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Mon, 3 August 2020

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Top Brexiteers call on Theresa May to scrap Chequers plan and back free trade agreement

Top Brexiteers call on Theresa May to scrap Chequers plan and back free trade agreement
4 min read

Senior pro-Brexit Conservatives including Boris Johnson and David Davis have called on Theresa May to ditch her Chequers plan once and for all and back a major think-tank’s free trade strategy.

A host of eurosceptic Tory MPs have thrown their weight behind the Institute of Economic Affairs’ (IEA) plan, which would see the UK try to create a Canada-style free trade agreement on goods with the EU.

The free market think-tank's alternative would also attempt to replicate agreements with third countries while preparing to strike deals with the likes of China and the United States.

The IEA's report insists it would be “all but impossible” for Mrs May's Chequers agreement to work alongside Britain running an independent trade policy, but critics have pointed out that the findings offer no breakthrough on the Irish border.

The intervention comes ahead of talks between Mrs May and her Cabinet over the way forward for the UK in Brexit negotiations after EU leaders poured cold water on her proposals in Salzburg last week.

Mr Johnson - who quit as foreign secretary over Chequers earlier this year - said the proposals were “exciting” and urged his former colleagues to back the approach.

“The ideas being floated this morning show there’s a real alternative and actually it’s the alternative that the Prime Minister originally wanted to do at Lancaster House,” he told Channel 4 News.

“Because it enables us to do a big free trade agreement with the European Union, but also to do free trade deals around the world. So I think it’s a very exciting way forward and I hope very much that the cabinet look at it…

“Chequers keeps us basically locked in an EU legislative system and this sets us free to prosper and do free trade deals around the world.”

Arch-Brexiteer and chair of the European Research Group Jacob Rees-Mogg meanwhile said he believed the “exciting” proposals would have the backing of the EU, the British public and the House of Commons.

“I think that reality, that consciousness, will ensure that if this got to the House of Commons it would be passed,” he told those present at the IEA report’s launch.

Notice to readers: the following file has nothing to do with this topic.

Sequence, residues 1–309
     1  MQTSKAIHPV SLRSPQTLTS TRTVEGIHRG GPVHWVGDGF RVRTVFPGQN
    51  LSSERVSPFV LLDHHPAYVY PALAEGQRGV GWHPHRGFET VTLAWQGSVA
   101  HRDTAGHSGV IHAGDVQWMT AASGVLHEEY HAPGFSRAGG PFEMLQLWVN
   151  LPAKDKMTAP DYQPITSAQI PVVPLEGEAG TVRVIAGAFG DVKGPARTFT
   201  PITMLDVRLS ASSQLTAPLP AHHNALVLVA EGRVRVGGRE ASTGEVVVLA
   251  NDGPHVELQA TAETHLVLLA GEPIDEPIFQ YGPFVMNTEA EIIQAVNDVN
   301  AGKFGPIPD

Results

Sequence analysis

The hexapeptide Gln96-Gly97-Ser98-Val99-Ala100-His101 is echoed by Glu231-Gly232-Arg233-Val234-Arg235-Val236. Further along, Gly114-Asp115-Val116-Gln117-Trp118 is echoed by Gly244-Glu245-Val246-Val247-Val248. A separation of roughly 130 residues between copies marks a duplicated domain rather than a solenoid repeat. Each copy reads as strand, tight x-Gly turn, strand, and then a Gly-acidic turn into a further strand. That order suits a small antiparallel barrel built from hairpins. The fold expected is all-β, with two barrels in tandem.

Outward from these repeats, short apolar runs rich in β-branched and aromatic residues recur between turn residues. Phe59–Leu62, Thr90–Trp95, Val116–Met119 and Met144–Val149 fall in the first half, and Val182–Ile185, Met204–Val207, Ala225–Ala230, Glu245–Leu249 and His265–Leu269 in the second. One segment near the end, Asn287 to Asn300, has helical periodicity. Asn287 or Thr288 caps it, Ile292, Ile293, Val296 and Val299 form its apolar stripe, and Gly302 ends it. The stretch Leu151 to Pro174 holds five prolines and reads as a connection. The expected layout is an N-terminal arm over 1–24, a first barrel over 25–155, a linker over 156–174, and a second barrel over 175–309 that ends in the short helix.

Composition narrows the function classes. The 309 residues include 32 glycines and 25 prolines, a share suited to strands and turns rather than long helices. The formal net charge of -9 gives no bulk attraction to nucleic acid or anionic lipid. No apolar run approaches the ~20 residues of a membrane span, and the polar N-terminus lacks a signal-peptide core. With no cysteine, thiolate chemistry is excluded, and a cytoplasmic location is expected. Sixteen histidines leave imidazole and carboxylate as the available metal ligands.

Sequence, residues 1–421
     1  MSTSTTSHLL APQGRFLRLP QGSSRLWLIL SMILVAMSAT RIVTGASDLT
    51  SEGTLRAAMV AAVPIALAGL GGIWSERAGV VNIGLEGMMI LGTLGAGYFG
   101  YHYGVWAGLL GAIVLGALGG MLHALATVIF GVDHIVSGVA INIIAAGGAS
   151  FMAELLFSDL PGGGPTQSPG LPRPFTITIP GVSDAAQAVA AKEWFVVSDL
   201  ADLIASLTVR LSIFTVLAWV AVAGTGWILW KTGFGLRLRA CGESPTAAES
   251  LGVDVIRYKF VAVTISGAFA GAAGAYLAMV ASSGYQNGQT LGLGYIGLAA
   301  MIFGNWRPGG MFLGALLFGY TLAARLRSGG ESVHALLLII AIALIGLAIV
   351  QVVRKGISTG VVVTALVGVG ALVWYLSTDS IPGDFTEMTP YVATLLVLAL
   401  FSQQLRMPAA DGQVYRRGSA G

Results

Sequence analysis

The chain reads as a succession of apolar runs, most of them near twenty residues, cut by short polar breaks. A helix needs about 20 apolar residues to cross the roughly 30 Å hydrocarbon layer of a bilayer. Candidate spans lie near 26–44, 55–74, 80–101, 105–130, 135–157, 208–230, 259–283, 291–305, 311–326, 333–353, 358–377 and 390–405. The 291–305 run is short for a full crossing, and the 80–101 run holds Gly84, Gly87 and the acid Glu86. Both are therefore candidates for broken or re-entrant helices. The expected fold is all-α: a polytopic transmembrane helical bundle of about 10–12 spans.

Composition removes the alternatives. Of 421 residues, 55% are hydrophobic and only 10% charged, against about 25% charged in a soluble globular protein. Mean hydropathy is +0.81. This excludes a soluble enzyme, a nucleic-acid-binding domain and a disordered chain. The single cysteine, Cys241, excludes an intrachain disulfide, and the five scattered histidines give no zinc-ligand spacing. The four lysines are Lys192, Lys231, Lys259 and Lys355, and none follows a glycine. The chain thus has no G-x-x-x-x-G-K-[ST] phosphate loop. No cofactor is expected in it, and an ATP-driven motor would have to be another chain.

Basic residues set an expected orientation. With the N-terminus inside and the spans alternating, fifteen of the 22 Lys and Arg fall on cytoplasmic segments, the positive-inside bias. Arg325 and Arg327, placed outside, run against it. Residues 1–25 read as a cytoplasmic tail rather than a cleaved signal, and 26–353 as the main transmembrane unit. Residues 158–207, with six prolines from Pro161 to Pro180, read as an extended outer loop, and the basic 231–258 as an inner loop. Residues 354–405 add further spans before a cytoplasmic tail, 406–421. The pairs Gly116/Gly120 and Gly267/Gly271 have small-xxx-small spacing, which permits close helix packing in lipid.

“So it’s not just deliverable in terms of the EU, it’s deliverable in terms of public opinion and it’s deliverable in terms of parliamentary votes. I think this paper therefore is the most exciting contribution we have had to this debate in many months.

Elsewhere former Brexit Secretary David Davis said the PM’s failure to sell her proposal to European leaders last week was “all too predictable”.

He added that Britain would have a “particularly huge role available to it” on the global stage which he said would be “amplified” under a free trade deal.


But the plan was criticised by Downing Street, which said no alternative proposal could avoid a hard border in Ireland - a key sticking point in talks with the EU.

“No EU third country free trade agreement has ever led to a reduction in barriers to the extent that no hard border is needed,” the prime minister's spokesperson said.

“There’s no global precedent for an infrastructure-free border without substantial regulatory and customs alignment.”

Layla Moran from the pro-EU Best for Britain campaign meanwhile said of the report: "The Brexit brigade are at it again. They're trying to dupe the public into thinking that a hard border in Ireland can be avoided by pitching up checks down the road, and making it illegal to export non-EU compliant foods into the Irish market.

“The problem is the first idea won't work and the second will simply mean clinging to EU rules we no longer have a say over.

But IEA director Shanker Singham, who drew up the plan, insisted the Irish border was not an issue and said his grouo had offered solutions which “operated in the rest of the world”.

He told the Today programme: “Every day these mechanisms are used, and we believe that together – there’s no one thing we would do – if you do all of the things we suggest, you will avoid hardening the border.”

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